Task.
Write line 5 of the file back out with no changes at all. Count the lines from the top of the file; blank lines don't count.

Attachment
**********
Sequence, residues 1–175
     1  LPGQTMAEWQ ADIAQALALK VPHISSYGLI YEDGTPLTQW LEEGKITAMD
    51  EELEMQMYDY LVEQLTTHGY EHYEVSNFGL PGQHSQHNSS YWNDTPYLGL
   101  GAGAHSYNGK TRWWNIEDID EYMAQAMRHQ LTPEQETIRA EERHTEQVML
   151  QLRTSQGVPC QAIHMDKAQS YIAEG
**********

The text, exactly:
   151  QLRTSQGVPC QAIHMDKAQS YIAEG